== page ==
Michigan's Lewan maturing into a leader

ANN ARBOR, Mich. -- Michigan lost some invaluable leadership on the offensive line when center David Molk graduated. A somewhat unlikely figure is volunteering to fill that void.

"I definitely see myself as a leader," junior left tackle Taylor Lewan told ESPN.com. "I want to be one of the main guys that really helps through all the successes and all the bad things. I want that to be put on myself.

"I'm the left tackle, the blind side. They made a movie about it. So it's my job to be a leader."

Lewan has been a lot of things during his career so far with the Wolverines. A standout lineman who's a key cog in the entire offense? Yes. A goofball who keeps his teammates laughing? Sure. A thorn under the skin of opposing players and occasionally officials? Yep.

But leadership is something new for Lewan, who's trying to shed some of his old labels for new and improved ones. Those who know him best noticed a major difference this spring.

"Taylor has just gotten more serious," said defensive lineman Craig Roh, who graduated from the same Scottsdale, Ariz., high school as Lewan. "For example, he's doing a diet now, and every Sunday he goes grocery shopping so he can make his own food. That may not seem like much, but for a college guy that's a lot. I just see him concentrating on things that matter more."

There's much at stake this year for Lewan. He'll be blocking for a potentially highly potent offense led by Denard Robinson and Fitz Toussaint as Michigan likely begins the season in the top 10. And a great year could have Lewan positioned to enter the 2012 NFL draft.

In his first 2013 Big Board, ESPN.com's Mel Kiper Jr. pegged Lewan as the No. 2 tackle and No. 12 prospect overall for next year's draft. Kiper said the 6-foot-8, 302-pounder "will get the Jake Long comparisons all year in Ann Arbor" and has "elite length and athleticism for the position."

Michigan offensive coordinator Al Borges agrees with that assessment.

"If Taylor works hard, stays concentrated and maintains focus, he can be very, very good," Borges said. "That's really his story. If he's focused, there isn't anything we ask him to do that he can't do."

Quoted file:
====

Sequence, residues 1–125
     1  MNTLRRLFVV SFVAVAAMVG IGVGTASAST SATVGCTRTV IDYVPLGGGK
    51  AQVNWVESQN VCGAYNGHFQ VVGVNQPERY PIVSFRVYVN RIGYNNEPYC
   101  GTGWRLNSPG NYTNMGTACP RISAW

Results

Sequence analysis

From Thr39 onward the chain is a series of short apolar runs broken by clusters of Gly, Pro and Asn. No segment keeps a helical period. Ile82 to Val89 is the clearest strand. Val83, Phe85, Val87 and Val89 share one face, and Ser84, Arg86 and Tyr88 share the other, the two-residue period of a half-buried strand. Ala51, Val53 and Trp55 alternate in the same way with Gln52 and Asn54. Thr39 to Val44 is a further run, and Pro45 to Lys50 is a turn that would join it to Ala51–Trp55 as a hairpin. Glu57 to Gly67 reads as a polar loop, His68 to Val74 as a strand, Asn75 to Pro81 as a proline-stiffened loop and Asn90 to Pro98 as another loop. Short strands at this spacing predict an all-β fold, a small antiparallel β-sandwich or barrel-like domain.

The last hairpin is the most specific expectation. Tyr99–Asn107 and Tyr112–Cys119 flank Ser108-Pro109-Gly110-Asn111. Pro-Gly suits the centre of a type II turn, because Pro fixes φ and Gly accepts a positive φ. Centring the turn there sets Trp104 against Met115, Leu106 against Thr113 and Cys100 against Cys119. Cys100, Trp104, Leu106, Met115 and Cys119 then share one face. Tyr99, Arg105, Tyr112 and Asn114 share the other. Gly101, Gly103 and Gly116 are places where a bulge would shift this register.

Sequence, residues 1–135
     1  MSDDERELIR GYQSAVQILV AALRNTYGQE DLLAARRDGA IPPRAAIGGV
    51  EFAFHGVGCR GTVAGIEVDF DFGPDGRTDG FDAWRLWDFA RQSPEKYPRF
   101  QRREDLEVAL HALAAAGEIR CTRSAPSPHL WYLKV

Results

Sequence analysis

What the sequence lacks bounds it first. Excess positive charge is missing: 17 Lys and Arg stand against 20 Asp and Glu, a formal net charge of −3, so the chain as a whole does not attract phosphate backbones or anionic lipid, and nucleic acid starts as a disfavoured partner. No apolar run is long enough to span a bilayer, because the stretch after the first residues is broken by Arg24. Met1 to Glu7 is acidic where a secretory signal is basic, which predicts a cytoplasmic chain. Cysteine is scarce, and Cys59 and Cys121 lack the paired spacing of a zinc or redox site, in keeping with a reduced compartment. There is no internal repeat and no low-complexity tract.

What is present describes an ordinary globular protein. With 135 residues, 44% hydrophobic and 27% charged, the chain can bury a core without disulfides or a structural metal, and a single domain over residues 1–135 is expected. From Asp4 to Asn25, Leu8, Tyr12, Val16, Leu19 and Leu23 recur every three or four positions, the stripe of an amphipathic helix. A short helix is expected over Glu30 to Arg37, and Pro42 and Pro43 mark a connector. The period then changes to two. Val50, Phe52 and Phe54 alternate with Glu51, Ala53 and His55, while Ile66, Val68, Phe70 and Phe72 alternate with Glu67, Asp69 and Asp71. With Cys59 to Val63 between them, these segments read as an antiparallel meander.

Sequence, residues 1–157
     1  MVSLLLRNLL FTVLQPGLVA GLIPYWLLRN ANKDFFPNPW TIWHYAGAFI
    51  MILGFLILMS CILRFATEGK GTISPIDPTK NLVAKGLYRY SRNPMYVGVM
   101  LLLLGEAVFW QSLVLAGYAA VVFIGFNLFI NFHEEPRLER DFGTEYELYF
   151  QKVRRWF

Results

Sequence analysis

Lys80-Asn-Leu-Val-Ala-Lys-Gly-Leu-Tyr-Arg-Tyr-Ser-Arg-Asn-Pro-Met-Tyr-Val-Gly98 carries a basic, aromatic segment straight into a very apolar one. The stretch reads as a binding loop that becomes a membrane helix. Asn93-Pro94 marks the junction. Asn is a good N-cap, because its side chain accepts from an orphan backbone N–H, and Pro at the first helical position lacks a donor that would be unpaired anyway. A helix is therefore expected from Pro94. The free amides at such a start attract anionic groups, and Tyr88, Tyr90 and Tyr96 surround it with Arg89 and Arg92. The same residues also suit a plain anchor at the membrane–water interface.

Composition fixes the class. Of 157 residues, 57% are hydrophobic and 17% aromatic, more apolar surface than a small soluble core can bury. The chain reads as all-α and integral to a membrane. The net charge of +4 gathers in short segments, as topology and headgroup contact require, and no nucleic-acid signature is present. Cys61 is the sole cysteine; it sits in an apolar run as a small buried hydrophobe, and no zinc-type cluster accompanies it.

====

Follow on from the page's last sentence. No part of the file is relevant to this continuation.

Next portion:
Staying focused and disciplined has been a challenge at times. In his first two years of starting, Lewan has too often been a magnet for yellow flags. He cut down his penalties in the second half of last year but still drew three personal fouls, most famously getting tangled up with Michigan State's William Gholston several times before Gholston finally tried to punch Lewan, earning the Spartans' defensive end a one-game suspension.

He has also served as the team's resident comedian, cracking jokes and using his outgoing personality to keep things light. But Lewan says he has learned now when to have fun and when to get down to business.

"I think it's really a maturity thing," he said. "I'm 20 years old now, but I came into college when I was 17. I don't want to put it all on that or anything, but it's really just maturing.

"When I'm here in the building, football is No. 1. It's kind of one of those switches you have to turn on. I turn off all the joking."

Much of Michigan's fortunes may depend on the health of Robinson and Toussaint. Safeguarding them is a job Lewan takes very seriously.

"I'd rather be the guy who gets injured and plays with a broken wrist or something rather than them, because they're the ones running the ball," he said. "I can play with pain, but I don't want them to have to. Every part of my game needs to improve so that doesn't happen."

Lewan hasn't become a total killjoy. This spring, he bought a tandem bike that he could ride to practice, and teammates clamored to join him on it. The sight of the 300-pounder and another hulking football player on a bicycle built for two caused a lot of double-takes around campus.

"He's still Taylor," Roh said. "He's just not as much of a clown."

A focused Lewan could stake a claim as the best lineman in the Big Ten in 2012. And that's no joke.